Ecology is a branch of biology which involves the study of organisms and their interaction with the environment.  That “organism” could be a tiny plant or a large mammal; that “environment” could be arctic tundra, a farmer’s pasture, or an urban center. In other words, a degree in ecology can  take you almost anywhere, from the most exotic locale to your own back yard.

While studying ecology at Sterling College, you’ll find yourself in many types of “classrooms,” from lecture halls to science labs and the great outdoors. Requirements for a degree  include curiosity about the world we live in, an open mind, and a respect for living things and their habitats. 

Studying for an ecology degree pushes students to hone their powers of observation, as well as their abilities to understand systems and make connections, and their appreciation for the complexities of the natural world. Working ecologists investigate ecological issues, interact with affected people and communities, synthesize and summarize their findings, and help design effective, sustainable solutions. Ecologists contribute to the wellbeing of their fellow citizens and of the earth.

But there is no set path for an “ecologist.”  An ecology degree can lead in many directions. It’s not uncommon to find professionals with ecology degrees in agriculture, government, industry, medicine, engineering, lab sciences and education. For some careers, an undergraduate degree in ecology is sufficient; others may require advanced degrees in other sciences or medicine, engineering, education or public policy

An ecology degree may take you down myriad paths.  Below you will find a brief description of a handful of them.


An environmental consultant looks not only at the impact of development on plants and animals, but also the impact of conservation, all with the goal of understanding how actions impact the natural and man-made environment.  As an environmental consultant, you might find yourself studying the consequences of an oil spill,  the preservation of an endangered species, the effect of a housing development on a natural area, or the habitat of a common plant or invasive species.

This ecology career can involve spending a preponderance of your time out of doors, but is likely to also take you into the office (organizing studies, preparing reports), the podium (teaching and presenting findings), and centers of government (working with or testifying before policy makers).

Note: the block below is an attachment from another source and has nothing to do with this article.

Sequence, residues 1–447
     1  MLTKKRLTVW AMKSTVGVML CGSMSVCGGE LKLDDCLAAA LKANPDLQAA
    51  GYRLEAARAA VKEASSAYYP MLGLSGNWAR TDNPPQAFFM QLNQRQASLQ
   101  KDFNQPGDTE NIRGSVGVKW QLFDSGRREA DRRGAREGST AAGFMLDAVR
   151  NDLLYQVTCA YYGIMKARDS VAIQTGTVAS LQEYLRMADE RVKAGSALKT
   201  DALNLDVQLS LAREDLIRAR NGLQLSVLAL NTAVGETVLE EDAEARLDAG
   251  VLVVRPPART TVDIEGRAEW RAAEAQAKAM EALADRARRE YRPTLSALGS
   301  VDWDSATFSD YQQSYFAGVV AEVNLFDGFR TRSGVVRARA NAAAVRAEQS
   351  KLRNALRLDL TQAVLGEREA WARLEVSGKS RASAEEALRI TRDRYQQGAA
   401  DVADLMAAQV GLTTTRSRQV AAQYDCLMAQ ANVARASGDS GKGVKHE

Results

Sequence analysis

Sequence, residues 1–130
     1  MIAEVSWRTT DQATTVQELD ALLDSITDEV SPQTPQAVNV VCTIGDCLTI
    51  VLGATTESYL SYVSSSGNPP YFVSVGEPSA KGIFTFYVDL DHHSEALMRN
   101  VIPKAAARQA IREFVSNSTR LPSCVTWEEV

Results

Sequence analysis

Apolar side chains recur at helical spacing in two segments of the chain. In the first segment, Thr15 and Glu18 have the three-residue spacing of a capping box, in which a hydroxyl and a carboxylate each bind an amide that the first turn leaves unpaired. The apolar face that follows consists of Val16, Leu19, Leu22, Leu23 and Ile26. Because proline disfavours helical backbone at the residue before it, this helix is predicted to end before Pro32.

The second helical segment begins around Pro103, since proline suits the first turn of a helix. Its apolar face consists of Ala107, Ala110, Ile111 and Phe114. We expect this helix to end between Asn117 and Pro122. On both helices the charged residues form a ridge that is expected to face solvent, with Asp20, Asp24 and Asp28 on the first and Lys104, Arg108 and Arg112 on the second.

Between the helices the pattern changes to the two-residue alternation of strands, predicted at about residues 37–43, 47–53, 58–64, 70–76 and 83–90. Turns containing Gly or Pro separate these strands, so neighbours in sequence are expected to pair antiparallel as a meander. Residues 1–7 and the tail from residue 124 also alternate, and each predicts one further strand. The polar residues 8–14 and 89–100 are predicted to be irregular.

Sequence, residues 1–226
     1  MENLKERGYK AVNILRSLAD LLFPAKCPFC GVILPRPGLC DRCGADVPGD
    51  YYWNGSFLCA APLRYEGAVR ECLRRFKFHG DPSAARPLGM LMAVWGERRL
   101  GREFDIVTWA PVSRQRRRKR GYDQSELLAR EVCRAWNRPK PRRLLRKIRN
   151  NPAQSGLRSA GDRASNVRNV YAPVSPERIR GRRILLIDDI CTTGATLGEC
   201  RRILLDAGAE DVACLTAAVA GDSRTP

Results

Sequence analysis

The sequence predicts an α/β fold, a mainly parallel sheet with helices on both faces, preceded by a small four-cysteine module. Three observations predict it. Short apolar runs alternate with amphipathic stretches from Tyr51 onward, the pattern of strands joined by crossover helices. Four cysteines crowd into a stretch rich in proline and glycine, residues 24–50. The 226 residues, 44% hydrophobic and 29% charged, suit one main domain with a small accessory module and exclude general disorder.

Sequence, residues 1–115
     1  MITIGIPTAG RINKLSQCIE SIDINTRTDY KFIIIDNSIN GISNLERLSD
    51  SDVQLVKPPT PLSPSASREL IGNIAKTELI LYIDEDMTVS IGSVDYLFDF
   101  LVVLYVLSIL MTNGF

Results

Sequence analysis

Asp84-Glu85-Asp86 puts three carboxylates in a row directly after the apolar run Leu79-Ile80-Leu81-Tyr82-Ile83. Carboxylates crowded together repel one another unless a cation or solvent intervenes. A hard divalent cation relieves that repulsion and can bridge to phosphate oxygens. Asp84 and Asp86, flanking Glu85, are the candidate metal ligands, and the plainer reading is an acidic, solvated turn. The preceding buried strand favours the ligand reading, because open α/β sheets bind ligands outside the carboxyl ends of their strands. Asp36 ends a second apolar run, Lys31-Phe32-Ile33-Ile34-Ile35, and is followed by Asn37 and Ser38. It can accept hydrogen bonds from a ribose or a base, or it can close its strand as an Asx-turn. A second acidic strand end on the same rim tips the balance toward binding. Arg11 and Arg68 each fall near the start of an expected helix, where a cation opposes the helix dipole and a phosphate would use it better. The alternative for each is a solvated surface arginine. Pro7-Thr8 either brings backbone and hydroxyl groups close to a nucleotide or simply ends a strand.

Calling all inquiring minds!  Research scientists (and their assistants), collaborate with field researchers and others to confront environmental problems, discover the right questions to ask, and work to propose viable solutions.

Your laboratory might be the great outdoors or a small room; your employer might be an academic institution, an industrial corporation, a medical facility, or a government entity

Not all research scientists will spend a lot of time in the field but many do; a that balance will depend on the field of study you pursue. It’s a path that can reap great rewards for a student with an inquisitive mind.


Make the outdoors your workplace by taking your ecology degree to work as a park naturalist.

Park naturalists generally work for county, state and national parks, helping to turn such spaces into living classrooms for visitors by preparing educational materials on the park’s environment, mapping trails, creating and documenting exhibits, giving tours, and presenting information not only to park visitors but to the public at large. Strong communication skills are a must for such ecologists.

As a park naturalist, you might find yourself leading a nighttime hike at a tent-camping area in Brooklyn, NY’s Gateway National Recreation Area, or teaching visitors about grizzly bear habitat and behavior in Katmai National Park and Preserve in Alaska. Or you may work introducing elementary students to the flora and fauna in their schoolyard or neighborhood, explaining the interdependencies involved and helping to create an ecologically aware citizenry.


Restoration ecologists study ecosystems that have been damaged, often by human activity such as farming, mining or other  industrial activity.  Your employer might be a state or national environmental agency or other government agency, a private company, museum or construction firm.

Those with additional training in civil engineering may expand this work and find themselves involved in extensive restoration projects; for example, bringing back the natural habit for wild life and plants in a damaged river ecosystem by removing or relocating a dam, redirecting water flow, ameliorating water pollution, or other engineering projects .


This career is for ecologists ith a strong collaborative streak, excellent leadership skills, and broad interests.

Natural resource managers work in collaboration with other ecologists, as well as biologists, geologists, chemists and the like, to help discover ways in which humans can use natural resources such as water, soil and minerals while also preserving the environment.

An ecology degree from Sterling College can help launch you into these careers, preparing you through a rigorous, hands-on course of study.

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“In order to be stewards of the land, we need to understand our historical and current relationships to the natural world and each other,” says Sterling ecology professor Farley Brown. “Sterling College courses and our community provide us with opportunities to explore these relationships, uncover the complexities of our natural world and society, and discuss the many environmental issues that we face today.”

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